U.S. warship aground in Philippines had faulty map

MANILA, Philippines — An inaccurate map that mislocated a marine sanctuary may have caused a U.S. Navy minesweeper to run aground on a coral reef in the Philippines this week, the Navy said Saturday

All 79 officers and crew of the USS Guardian were taken off the ship for safety reasons after it struck the reef with its bow at 2 a.m. Thursday. The Navy’s Pacific Fleet, based in Hawaii, said Saturday that its ships along with several support vessels continued to conduct salvage operations that minimize environmental effects to the reef.

The Navy said a review of Digital Nautical Charts, which are used for safe navigation by all U.S. Navy ships, found they contained inaccurate data and may have been a factor in the Guardian’s grounding. As a result, Navigator of the Navy Rear Adm. Jonathan White released precautionary guidance to all Pacific Fleet ships, saying that “initial review of navigation data indicates an error in the location of Tubbataha Reef” in the Philippines.

“While the erroneous navigation chart data is important information, no one should jump to conclusions,” said Pacific Fleet spokesman Capt. Darryn James. “It is critical that the U.S. Navy conduct a comprehensive investigation that assesses all the facts surrounding the Guardian grounding.”

The Avenger-class ship had just completed a port call in Subic Bay, a former American naval base west of the capital, Manila, and was en route to Indonesia and then on to East Timor to participate in a training exercise when it hit the reef, about 80 miles southeast of Palawan Island.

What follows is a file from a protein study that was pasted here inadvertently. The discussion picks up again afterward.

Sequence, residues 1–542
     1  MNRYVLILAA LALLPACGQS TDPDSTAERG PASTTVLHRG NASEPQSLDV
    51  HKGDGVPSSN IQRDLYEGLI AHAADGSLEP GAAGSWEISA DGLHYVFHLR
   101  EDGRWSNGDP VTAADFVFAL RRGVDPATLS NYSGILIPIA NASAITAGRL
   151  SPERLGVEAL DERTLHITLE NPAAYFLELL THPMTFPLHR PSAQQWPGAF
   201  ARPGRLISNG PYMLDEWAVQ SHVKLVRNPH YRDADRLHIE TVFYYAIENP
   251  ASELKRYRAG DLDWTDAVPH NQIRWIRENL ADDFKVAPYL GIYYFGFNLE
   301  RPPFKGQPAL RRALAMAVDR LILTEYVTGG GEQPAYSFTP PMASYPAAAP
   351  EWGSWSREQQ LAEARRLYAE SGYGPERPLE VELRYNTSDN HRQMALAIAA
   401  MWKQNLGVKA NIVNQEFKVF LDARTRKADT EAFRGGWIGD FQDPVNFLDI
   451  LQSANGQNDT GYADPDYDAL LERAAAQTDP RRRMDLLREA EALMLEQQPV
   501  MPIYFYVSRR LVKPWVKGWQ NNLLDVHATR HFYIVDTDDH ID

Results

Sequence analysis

The World Wide Fund for Nature Philippines said that according to an initial inspection, the 74-yard-long, 1,300-ton Guardian damaged at least 10 yards of the reef, which UNESCO designated as a World Heritage Site. It is part of Southeast Asia’s Coral Triangle, a huge stretch of ocean that contains most of the world’s coral species, reefs, and more than 3,000 species of fish.

Angelique Songco, head of the government’s Protected Area Management Board, said the government imposes a fine of about $300 per square yard of damaged coral, plus other fees.

In 2005, the environmental group Greenpeace was fined almost $7,000 after its flagship struck a reef in the same area.

Songco blamed the Guardian for turning away park rangers who wanted to board the minesweeper, but the Navy said it was cooperating with the Philippine government, a key U.S. defense ally.

Presidential spokeswoman Abigail Valte said the government will observe the law governing the Tubbataha Reef, but right now “the primary concern is extricating the ship out of the reef with minimal damage.”

More in Local News

Demolition begins, signaling start of courthouse remodel

The date for major construction was pushed back, but completion is still projected for 2021.

Police seek man after stabbing and robbery south of Everett

A convenience store clerk was slashed by a knife-wielding man at 8 a.m. Thursday morning.

Man jailed a month after police shooting

He has been under investigation for months on accusations of child molestation.

Man sentenced 24 years for trafficking in child porn

He also admitted sharing the images online while also amassing a digital collection.

Suspect identified in break-in and shooting

He fired one round into a television and more shots when an occupant tried to confront him outside.

Man, woman seriously injured in motorcycle crash

It appeared the motorcycle had been going at a high speed, according to the sheriff’s office.

Treatment center in north Everett could open in 2020

The 32-bed facility on 10th Street would serve people with addiction and mental illness.

Everett sculpture is hidden in not so plain sight

Nearly 40 years later, the artist is still concerned about placement of his work.

Council members back off land deal

A resolution directs staff to tell the state it no longer wants part of the Singletary harvest.

Most Read